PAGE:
6 Things We Love About Spring on the Canal

Even though it’s technically been spring for a few weeks, it sure hasn’t felt like it! And while there’s still a bit more cold weather to come, the next few weeks look like they could be the true beginning of warm weather for the Canal.

In honor of spring (slowly) coming to the area, we at the Trust have compiled a list of things we love about spring on the Canal.

1. Spring Peepers (Pseudacris crucifer)
These lovely treefrogs are some of the first animals to announce spring to the Chesapeake Bay watershed. They are usually brown, and the males emit a small “peep”-every second during mating season. Fun fact about spring peepers: when cold weather approaches, they produce glucose and freeze themselves in order to hibernate. They “thaw” once the weather is warm again.

If you’re curious about the sound spring peepers make, you can check it out here.

2. Ducklings and goslings
Some of the best pictures from our Facebook Photo Contest feature these adorable babies. While they look cuddly from afar, it’s important not to get too close: female ducks and geese will attack if they feel their offspring are being threatened by a predator. In their eyes, that would be you.

“First Honk”, by MJ Clingan

Although these birds are present year-round, we also love to see Great Blue Herons.

“Snake – It’s What’s for Dinner”, by Jan Branscome

3. Dutchman’s Breeches (Dicentra cucullaria)
These whimsically-named plants are a beautiful feature of the Canal during springtime. The common name comes from the idea that the flowers look like white pantaloons hung upside down, similar to a common Dutch practice of hanging them while doing laundry. They are poisonous to deer, which makes them a good choice for some deer-infested gardens. Sadly, their blooms only last for a few weeks.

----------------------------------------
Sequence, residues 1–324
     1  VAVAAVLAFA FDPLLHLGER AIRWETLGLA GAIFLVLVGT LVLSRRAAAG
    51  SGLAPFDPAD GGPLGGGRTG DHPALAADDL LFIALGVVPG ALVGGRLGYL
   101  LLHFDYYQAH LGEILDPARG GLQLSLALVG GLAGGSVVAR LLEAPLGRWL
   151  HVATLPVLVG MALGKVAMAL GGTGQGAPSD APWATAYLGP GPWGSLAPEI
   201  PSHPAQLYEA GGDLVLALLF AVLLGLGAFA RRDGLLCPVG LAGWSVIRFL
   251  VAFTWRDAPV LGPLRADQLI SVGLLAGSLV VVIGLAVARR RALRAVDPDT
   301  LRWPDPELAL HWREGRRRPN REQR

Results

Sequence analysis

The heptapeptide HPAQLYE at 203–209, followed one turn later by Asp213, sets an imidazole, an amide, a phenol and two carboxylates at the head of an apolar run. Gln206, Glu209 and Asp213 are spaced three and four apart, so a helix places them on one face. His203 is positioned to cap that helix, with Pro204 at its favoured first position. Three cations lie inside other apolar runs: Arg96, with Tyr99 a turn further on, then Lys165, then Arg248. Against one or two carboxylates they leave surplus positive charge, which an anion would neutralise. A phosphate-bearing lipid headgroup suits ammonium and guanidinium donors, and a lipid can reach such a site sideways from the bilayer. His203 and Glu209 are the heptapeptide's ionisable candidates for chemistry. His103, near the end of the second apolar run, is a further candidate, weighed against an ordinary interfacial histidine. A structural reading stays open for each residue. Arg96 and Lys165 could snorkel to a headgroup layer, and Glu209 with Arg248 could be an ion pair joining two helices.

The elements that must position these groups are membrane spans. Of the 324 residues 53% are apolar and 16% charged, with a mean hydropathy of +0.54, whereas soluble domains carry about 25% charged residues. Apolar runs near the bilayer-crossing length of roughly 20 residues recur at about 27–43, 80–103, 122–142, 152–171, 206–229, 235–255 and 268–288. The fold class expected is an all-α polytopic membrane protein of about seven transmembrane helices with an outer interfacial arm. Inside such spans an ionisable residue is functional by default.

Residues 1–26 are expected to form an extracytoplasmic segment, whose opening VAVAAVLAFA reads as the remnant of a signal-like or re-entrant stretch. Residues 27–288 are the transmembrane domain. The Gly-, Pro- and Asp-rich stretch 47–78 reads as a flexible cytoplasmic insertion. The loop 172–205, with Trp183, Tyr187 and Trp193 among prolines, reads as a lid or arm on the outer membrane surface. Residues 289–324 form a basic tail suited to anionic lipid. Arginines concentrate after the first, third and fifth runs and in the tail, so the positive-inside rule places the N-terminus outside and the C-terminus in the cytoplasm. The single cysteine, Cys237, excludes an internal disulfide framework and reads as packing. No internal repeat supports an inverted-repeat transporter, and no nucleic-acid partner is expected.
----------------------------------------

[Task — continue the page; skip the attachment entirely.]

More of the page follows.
“Dutchman’s Breeches”, by Eileen-Wise Hite

4. Bluebells (Hyacinthoides non-scripta)
These lovely flowers are one of the most photographed plants on the C&O Canal. They line certain parts of the towpath in large patches. You can enjoy these blankets of blue almost anywhere along the Canal, including downstream from Great Falls, near Pennyfield Lock, near Brunswick, and along the Billy Goat Trail. They also are found in abundance along the towpath in the Williamsport area.

“Bluebells Along Billy Goat Trail A”, by Marjorie Richman

5. The Green Tunnel
For some of us here at the Trust, one of the most beautiful parts of spring is the slow change from bright flowers into the deep green of summer. Especially if you’re someone with seasonal allergies, this can be the best time of the year, because of the lack of pollen.

“Think Spring”, by Kelly Piper

6. Other young wildlife
It’s easy to tell why hikers and other outdoor enthusiasts love to see young animals – they’re just too adorable!

“Turtles Basking in the Sun at Great Falls”, by Cheryl Manzone

“Baby Deer”, by Amy Allen

What’s your favorite thing about spring on the Canal? Tell us in the comments!